Several months ago, before high-flying Salesforce took the Icarus arc and came crashing back to Earth, CEO Marc Benioff pointed out that Salesforce’s quarterly revenue had surpassed SAP’s comparable figure and thereby made Salesforce the world’s largest enterprise-apps vendor.
It was indeed a noteworthy achievement, and at the time appeared to presage a new era of preeminence for Salesforce and Benioff.
But as so often happens with appearances, that one was wildly deceiving as since then we’ve seen that Salesforce’s reign as the world’s largest enterprise-apps vendor came to a crashing halt after a single quarter at the top.
If we look at the most-recent results for each company, here’s the comparison that shows SAP’s latest sales total beating Salesforce’s by 17%:
- Salesforce: revenue of $7.84 billion for the quarter ended Oct. 31
- SAP: revenue of $9.195 billion for the quarter ended Dec. 31
Now, it’s certainly possible that in late February when Salesforce releases its fiscal-Q4 results for the quarter ended Jan. 31, its revenue will have soared to $9.2 billion. I’ve highlighted the word “possible” because we don’t have any official insight from Salesforce on which to base such a projection because the company decided not to issue any guidance during its Nov. 30 earnings call, saying that the market was too muddled to read. That inability or unwillingness to offer revenue guidance came along with a sharp drop in Salesforce’s growth rate to 14%, marking the only time in at least the past five years that figure has been less than 20%.
That complete lack of guidance was, to say the least, a very odd position to take for a world-renowned company built on helping its customers track and project revenue.
Meanwhile, over at SAP, the company’s excellent performance in the cloud in not only Q4 but also throughout 2022 led CEO Christian Klein to forecast that SAP’s 2023 cloud revenue will grow between 22% and 25% in constant currency to a range of $16.68 billion to $17.11 billion.
Here are some comments from Klein from last week’s earnings call that illuminate why he and the company are bullish on the coming year.
- Huge Cloud Deals: Asked about the rising number of very large cloud deals, Klein said, “This is also a signal that with deals like BMW and Porsche and Merck, there are a lot of large enterprises now following our move. And, of course, they have a certain ramp in their contract, so we’re actually super confident that we already have the backlog to deliver on our ambition for 2023.”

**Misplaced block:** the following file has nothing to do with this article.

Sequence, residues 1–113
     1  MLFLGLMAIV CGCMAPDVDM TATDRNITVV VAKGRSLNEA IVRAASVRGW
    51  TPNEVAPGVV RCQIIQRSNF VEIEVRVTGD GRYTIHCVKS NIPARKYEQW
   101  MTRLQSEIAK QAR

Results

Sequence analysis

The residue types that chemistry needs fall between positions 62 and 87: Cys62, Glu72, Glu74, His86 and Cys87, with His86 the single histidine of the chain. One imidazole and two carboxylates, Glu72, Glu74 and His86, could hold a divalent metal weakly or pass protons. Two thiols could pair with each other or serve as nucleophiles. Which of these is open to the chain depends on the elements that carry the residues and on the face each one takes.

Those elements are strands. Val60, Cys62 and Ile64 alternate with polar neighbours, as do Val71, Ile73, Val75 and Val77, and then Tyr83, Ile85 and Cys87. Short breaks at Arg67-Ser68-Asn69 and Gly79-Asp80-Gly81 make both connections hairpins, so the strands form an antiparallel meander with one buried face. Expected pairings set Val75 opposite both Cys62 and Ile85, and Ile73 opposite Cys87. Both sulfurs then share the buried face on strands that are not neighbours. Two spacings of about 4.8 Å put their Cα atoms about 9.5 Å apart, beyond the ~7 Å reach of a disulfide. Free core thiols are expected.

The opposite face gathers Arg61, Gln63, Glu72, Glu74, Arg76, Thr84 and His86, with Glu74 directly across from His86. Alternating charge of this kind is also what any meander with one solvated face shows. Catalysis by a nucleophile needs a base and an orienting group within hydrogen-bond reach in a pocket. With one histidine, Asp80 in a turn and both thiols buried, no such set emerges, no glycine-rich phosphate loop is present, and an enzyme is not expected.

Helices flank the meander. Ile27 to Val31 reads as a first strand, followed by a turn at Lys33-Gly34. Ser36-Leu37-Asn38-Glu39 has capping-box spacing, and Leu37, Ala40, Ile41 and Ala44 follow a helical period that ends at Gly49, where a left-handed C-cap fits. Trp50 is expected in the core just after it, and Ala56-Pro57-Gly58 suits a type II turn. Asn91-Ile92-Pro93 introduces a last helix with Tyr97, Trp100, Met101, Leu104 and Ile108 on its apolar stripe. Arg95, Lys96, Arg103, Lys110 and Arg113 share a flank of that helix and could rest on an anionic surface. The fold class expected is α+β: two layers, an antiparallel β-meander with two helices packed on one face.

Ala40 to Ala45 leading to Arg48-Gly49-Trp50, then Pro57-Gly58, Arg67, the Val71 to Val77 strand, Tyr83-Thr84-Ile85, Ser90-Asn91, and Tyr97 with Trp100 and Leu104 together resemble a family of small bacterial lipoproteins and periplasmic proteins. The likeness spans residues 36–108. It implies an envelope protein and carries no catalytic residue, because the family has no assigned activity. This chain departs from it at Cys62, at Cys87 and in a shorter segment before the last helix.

- Bullish Guidance for 2023: Asked about the ambitious guidance for 2023, Klein said, “There will be a reacceleration in the cloud, no matter if it’s now with customers like BMW, where we are driving automation in manufacturing, in finance where we are working on analytics, or if we’re working on the supply chains of this world to make them more resilient. Or last but not least, if we are helping customers like Exxon and others to measure [sustainability] in a standardized way and act on circular and other sustainability capabilities. The pipeline is actually very strong, and we are as confident as we have been last quarter.”
- “One of our most successful offerings ever”: In his opening remarks, Klein offered this remarkably bullish view on the success of SAP RISE, its highly innovative and so far unmatched two-year-old customer-engagement program: “RISE with SAP is at the heart of our strategy and is one of our most successful offerings ever.”
- Why customers are choosing RISE: Chief customer-success officer Scott Russell offered this perspective on RISE: “The reason why thousands of customers are choosing SAP and RISE with SAP is because the market today needs companies they trust. More than ever, trust in the technology, trust in the partnership, trust in the capability that delivers scale, resilience, and outstanding capabilities that help them navigate whether it be supply chain or sustainability or other aspects.”
- Concur bounces back: Concur revenue returned to what CFO Luka Mucic called its “pre-pandemic levels” with growth in the mid-20’s.
As I’ve noted here before, nobody in the Cloud Wars owns first place in any part of this remarkable market. Each company has nothing more than a temporary lease that can be pulled at any time by the ultimate landlords — the customers.
Salesforce, we’ll see if you can close the gap on SAP for your FY23 Q4 ending Jan. 31.
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